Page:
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Central-East European business model will slow growth

Friday, May 5, 2017

Subject

The concentration of big business in domestic moguls’ hands.

Significance

The dominant business structure in Central-Eastern Europe (CEE) is best described as oligarchic: large corporates inextricably entwined with, and dependent on, political favour. Preferential treatment in public procurement markets, subsidies and tax breaks secure success for the chosen few. As a result, there is no incentive for innovation; unfavoured businessmen and small entrepreneurs compete with a decisive handicap.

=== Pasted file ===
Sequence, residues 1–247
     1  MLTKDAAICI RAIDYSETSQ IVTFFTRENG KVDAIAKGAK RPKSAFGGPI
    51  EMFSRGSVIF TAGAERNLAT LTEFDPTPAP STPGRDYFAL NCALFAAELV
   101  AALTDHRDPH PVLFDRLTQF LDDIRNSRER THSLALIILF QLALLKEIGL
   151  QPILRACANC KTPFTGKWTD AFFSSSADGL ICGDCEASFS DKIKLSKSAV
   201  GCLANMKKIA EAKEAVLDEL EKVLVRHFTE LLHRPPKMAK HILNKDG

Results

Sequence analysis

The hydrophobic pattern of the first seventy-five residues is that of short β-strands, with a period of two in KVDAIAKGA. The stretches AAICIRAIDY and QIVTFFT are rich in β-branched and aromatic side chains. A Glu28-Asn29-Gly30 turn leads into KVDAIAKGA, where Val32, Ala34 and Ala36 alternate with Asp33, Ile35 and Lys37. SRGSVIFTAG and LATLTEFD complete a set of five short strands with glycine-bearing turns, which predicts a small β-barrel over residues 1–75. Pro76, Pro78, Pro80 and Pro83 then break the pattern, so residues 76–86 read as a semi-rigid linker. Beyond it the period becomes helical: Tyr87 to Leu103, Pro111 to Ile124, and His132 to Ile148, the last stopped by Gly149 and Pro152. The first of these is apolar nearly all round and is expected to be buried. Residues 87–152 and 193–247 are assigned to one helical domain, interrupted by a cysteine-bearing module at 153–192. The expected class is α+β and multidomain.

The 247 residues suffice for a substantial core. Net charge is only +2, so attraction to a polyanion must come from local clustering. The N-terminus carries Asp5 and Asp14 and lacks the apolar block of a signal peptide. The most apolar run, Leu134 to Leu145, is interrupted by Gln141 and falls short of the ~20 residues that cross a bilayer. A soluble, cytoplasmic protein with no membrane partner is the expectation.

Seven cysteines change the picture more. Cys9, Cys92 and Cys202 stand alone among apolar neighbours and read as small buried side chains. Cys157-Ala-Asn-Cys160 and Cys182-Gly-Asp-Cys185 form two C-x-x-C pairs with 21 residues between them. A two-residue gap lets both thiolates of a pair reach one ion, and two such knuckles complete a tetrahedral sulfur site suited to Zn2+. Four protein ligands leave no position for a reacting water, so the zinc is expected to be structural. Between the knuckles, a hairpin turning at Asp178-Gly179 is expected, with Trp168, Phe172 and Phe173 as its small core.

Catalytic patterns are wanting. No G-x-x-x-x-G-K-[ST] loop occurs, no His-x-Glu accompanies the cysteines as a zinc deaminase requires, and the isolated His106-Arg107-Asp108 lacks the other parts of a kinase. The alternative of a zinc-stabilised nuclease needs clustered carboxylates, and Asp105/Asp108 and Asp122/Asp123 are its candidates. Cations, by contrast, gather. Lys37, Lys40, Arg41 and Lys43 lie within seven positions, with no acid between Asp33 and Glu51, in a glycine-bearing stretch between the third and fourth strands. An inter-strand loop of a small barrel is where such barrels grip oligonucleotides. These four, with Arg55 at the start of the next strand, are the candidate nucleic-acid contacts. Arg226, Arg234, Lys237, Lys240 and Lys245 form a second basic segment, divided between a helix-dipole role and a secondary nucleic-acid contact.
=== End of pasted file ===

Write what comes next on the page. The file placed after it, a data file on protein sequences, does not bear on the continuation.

Impacts

  • Tycoons’ ascendancy will leave ever-less room for SMEs, except in the technology sector, while entrenching the power of political elites.
  • Frustration with insufficient freedom of enterprise will drive international investors from CEE, likely to emerging markets.
  • Backsliding on both democratic commitments and market regulations in Central Europe will discourage reform in the Western Balkans.
  • Innovation and entrepreneurship will emigrate from CEE to countries with more supportive structures.
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